Under the circumstances which have thus been stated, Benjamin M. Bradford made, on behalf of his brother, an application to the bank, in September, 1844, in the form of a letter, addressed to George W. Foster. In this letter it is stated that John M. Bradford had been prevailed upon to become security for Brown; that Brown held the title-bond, and if the purchase-money is paid the land must be conveyed to him, and become liable to old judgments, which will absorb it and leave his brother remediless. It is then proposed that Brown shall surrender his title-bond, and that a new one shall be given to Bradford, who, on his part, will then give security for the payment of the purchase-money on an extended credit.

That this letter was written by John M. Bradford, or by his authority, and with his knowledge, is clearly shown in the record. In his letter of 2d December, 1844, to G. W. Foster, he says: 'My friend, J. L. Brown, informs me that the Union Bank has acceded to our proposition made through you,' &c. No other proposition appears to have been made in the letter of the brother, for both Foster and Bass say, the proposal contained in this letter was that which we submitted to the bank, and on which alone it acted. It may also be inferred from the testimony of Cholson, and his letter of March 20, 1848, that the Bradfords, when they made their proposition to the bank, knew of the tax-sale made in 1843, and then entertained the design now attempted to be accomplished, of using that sale as a means of defeating the bank in the recovery of the debt.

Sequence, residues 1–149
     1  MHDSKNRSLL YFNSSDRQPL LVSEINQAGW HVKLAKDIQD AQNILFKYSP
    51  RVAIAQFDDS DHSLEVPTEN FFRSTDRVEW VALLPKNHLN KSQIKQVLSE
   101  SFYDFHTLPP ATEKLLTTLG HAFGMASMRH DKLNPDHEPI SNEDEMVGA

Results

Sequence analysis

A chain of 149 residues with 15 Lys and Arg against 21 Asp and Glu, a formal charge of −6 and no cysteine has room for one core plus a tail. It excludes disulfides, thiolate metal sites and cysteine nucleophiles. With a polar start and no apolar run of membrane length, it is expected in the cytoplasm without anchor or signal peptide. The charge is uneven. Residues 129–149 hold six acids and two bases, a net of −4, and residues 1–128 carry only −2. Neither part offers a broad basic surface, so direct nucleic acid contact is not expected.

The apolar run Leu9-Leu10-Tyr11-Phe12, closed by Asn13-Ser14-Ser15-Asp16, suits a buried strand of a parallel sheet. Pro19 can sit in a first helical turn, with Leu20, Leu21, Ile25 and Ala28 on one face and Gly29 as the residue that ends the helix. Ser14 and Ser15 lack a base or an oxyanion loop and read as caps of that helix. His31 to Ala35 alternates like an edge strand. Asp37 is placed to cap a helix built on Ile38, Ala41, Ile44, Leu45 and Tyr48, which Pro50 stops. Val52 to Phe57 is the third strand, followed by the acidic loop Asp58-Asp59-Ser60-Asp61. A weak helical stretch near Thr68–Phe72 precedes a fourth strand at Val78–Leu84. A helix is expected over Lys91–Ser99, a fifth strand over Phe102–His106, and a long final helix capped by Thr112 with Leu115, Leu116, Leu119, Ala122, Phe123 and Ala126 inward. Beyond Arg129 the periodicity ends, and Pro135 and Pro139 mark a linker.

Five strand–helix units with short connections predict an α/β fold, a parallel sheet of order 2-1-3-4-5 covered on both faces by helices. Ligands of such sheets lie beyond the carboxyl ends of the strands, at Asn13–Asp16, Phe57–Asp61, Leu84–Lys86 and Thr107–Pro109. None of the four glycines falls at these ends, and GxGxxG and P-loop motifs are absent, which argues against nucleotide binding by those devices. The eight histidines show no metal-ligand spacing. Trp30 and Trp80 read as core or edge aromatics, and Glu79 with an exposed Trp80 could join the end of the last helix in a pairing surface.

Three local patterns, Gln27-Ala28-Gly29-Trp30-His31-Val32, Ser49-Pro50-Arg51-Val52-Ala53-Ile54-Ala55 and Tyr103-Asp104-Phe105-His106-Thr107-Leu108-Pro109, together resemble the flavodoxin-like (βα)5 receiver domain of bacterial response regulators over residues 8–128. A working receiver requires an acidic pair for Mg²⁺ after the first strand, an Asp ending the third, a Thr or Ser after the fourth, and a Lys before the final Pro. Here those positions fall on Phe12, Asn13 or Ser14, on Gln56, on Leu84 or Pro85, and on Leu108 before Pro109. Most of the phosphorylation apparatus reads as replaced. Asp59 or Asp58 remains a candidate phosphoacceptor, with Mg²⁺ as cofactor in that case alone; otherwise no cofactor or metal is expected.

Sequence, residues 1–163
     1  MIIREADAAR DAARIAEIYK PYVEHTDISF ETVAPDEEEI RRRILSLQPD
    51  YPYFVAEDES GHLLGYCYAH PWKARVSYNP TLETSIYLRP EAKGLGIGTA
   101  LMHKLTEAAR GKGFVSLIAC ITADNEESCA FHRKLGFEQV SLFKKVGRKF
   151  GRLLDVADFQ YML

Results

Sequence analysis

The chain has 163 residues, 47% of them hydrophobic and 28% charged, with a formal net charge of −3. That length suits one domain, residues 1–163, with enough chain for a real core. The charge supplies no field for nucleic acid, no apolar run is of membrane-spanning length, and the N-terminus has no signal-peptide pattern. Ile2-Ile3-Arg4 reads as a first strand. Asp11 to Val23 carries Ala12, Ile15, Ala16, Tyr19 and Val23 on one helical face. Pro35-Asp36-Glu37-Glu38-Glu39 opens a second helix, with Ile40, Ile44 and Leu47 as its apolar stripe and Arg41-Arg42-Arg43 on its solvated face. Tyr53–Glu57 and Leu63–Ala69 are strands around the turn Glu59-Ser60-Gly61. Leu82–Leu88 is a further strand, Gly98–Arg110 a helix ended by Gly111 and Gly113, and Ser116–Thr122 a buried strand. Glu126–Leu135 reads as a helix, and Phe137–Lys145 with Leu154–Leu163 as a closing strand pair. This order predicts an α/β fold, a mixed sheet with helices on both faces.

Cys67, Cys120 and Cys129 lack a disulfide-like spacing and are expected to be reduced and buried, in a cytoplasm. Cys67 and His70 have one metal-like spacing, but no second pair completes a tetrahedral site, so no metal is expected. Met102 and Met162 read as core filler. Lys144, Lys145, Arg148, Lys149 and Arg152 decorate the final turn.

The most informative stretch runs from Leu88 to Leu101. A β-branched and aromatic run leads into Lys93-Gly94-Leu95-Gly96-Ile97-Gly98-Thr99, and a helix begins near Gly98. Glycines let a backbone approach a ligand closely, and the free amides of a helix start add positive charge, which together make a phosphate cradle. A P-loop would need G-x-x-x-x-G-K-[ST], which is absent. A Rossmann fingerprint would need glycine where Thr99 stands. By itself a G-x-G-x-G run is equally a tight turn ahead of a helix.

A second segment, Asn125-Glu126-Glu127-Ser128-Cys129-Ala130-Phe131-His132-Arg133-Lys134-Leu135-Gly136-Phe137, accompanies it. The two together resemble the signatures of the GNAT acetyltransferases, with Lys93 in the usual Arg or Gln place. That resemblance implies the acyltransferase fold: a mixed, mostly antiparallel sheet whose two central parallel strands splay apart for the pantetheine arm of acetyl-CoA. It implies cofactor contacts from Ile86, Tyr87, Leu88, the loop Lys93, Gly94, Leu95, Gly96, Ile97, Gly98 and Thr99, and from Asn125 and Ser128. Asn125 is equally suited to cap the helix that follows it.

The complainants' bill exhibits a strong case of the suppressio veri, for no allusion, however distant, is made to the position occupied by the parties at the date of the letter, in September, 1844. It certainly cannot be doubted that, had the entire case been presented to the court, no injunction would have been awarded.

The ground assumed, that it was incumbent on the bank to pay the taxes assessed upon the lands subsequent to the contract to purchase and sale with Brown, has no foundation in principle or in authority. From the instant the contract for the purchase and sale of real estate is consummated, the party who has bought and obligated himself to pay the price stipulated, is the owner. Even if an absolute conveyance has been made the vendor retains a lien for the purchase-money, and this tacit mortgage may be enforced in equity. If, however, the vendor retains the legal title, which has become the modern practice, and which close the door against any attempt to perpetrate fraud upon third parties, the case is not essentially changed; the vendor retains the position of a mortgagee. Such is the settled law in Mississippi. 4 Sm. & M. 300; 6 Id. 149; 10 Id. 184.